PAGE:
We as creatives love to let our minds run wild, let our minds explore what already is and imagine what it could be. Imagine how it could be better. We try our hardest to see what the outcome of some idea is going to be. We try so hard to defy reality and see the future. We try to widdle away all the ideas we shouldn’t focus on, get to the one idea we should chase down with reckless abandon, we make a few iterations to give us a next-level-glimpse at what is to come, and then we go for it. This is where the true fun of creative work begins.
At this point we have focus, we have a goal, we have an end in mind and it’s breathe-takingly going to blow the minds of all who find the privelege of being in it’s presence and proximity. Or is it? We press on, reassuring ourselves “if I add this, or that, or these that it will really be getting close to finished.”
Or is it?
How do we know when something is done? How do we know that we know that we know it will have the impact we hoped, foresaw, and dreamed that it would. We told our leadership it would accomplish bullet points 1—7 of our goals, but will it? How can we find any form of confidence in our sea of unknowns, educated gueses, hopes, dreams, and in whether we want to admit it or not, attempts at greatness? Can we ever really know?
In short, we’ve all had that project we thought was amazing that was actually a flop, yet we’ve also had a project we thought was going to be a sure flop turn out amazing. But what made them different? What set them apart from one another? What made the success a true success and what made the flop a definitive and disaterous flop?
I feel like these are questions I am constantly toiling with. How do I know if this really is the right direction? How do I know if this is going to be enough effort? Ultimately, when is a project done? When does it have enough? When is minimalism honestly just not enough, but when is something just too much?
Knowing when something is done is tough. People will say sweeping quotes like:
A project is not done when there is nothing more to add, but nothing more you can take away.
While that sounds awesome, that doesn’t tell me when my color palate is finished, it doesn’t tell me if my texture matches the genre, time period, or style. It doesn’t tell me when it’s going to meet the expectations of my leadership even though I may like it as it is. It may be a really rousing quote when set in white Trajan text on a black background on the wall of your art appreciation class, but for me it’s not a real world answer. So really, when do yo know it’s finished?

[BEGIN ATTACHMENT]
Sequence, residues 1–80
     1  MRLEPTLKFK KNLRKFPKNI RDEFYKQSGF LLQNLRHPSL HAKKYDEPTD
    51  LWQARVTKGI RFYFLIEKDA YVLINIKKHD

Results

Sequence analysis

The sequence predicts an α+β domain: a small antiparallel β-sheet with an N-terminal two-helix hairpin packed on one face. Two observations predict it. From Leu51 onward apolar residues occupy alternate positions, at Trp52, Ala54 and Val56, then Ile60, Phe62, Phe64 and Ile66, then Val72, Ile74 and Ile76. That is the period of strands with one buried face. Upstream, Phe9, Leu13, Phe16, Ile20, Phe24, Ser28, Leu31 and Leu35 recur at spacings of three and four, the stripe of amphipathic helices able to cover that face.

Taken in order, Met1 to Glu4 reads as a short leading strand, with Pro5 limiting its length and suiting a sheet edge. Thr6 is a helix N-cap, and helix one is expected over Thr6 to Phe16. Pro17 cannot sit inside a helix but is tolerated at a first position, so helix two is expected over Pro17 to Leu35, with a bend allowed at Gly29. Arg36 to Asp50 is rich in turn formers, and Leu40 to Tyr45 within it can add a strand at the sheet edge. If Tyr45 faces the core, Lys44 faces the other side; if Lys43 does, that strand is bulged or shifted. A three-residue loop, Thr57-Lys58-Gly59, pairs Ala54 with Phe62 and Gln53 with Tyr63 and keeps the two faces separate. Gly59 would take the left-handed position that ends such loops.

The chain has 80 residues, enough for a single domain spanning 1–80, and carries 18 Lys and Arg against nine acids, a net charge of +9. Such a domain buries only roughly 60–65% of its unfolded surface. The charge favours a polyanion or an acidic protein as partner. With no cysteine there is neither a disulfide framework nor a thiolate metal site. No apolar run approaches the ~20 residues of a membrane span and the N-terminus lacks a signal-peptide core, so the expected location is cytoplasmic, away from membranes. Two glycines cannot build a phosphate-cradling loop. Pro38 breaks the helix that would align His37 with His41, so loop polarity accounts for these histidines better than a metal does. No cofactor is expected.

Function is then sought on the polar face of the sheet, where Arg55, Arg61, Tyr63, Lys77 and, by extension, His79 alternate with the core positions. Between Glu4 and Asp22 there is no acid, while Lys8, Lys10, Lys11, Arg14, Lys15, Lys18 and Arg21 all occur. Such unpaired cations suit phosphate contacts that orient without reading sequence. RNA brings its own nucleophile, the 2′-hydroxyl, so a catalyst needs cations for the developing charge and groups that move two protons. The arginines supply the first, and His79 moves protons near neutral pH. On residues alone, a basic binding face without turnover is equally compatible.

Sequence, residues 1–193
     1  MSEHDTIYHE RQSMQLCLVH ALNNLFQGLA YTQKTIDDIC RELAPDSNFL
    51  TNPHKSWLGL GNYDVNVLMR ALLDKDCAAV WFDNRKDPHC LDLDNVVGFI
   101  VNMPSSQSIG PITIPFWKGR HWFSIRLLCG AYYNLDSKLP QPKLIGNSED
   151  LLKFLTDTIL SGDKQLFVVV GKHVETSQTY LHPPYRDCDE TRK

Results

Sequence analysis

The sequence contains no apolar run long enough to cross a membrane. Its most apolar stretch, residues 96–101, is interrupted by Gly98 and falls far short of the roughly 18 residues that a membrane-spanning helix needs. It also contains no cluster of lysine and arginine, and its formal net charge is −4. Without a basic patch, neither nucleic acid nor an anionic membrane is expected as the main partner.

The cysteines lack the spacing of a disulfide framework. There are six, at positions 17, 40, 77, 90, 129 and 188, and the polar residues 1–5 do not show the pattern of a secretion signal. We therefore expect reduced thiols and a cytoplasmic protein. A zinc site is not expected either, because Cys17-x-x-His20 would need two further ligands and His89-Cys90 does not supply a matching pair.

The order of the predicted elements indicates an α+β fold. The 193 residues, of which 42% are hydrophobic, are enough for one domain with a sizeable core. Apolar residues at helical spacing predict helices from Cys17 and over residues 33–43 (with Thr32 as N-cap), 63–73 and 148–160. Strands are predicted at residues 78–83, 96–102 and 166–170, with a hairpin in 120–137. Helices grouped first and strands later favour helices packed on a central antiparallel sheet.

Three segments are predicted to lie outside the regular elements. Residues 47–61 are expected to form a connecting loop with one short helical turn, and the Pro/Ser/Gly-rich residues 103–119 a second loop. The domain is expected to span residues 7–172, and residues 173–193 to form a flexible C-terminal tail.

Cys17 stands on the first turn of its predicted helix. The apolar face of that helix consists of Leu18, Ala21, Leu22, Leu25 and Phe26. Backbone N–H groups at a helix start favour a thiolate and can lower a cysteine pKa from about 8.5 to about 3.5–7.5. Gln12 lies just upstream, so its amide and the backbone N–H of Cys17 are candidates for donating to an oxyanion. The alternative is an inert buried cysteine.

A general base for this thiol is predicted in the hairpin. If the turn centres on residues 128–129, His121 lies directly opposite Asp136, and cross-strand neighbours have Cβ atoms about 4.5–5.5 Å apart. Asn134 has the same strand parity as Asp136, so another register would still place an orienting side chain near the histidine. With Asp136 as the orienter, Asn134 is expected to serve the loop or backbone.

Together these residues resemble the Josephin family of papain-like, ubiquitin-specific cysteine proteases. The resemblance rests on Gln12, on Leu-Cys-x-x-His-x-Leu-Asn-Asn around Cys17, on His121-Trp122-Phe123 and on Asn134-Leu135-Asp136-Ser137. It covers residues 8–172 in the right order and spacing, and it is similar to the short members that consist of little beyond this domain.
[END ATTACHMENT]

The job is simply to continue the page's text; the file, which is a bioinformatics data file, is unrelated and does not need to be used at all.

Sadly for you (and me) there isn’t a formulaic answer to this question. It will be different to every project. Finished is a term our society is eager to achieve by exerting the most minimal amount of effort possible, no matter what the stakes. We grow up our whole lives learning how to haphaserdly save a buck or minute here and there only to spend that money and time on something we don’t need while spending that precious time so wisely on Twitter and Facebook. Is this our goal in life? Cut corners on what matters to have time and money for things that don’t matter?
To really know when something is truly finished, you have to know you’ve given it the right amount of time to really explore what else is possisble, so that you can know you should rule it out. You learn to trust your gut, or someone’s gut. Maybe it’s just always knowing there could be more, but this will have to do for now because it’s the very best I can give with the constraints I have.
For me, I think one of the best indicators I can have is to look back at a project and know that I gave my all to the time, resources, people, and knowledge that I had at that time. Yet I always hope that years later I can look back at anything I’ve done and known how I could have done it better. That distaste for my own work shows me that I’m always learning to be discontent with where I am, knowing it could be better.
This is (whether we like it or not) the creative process.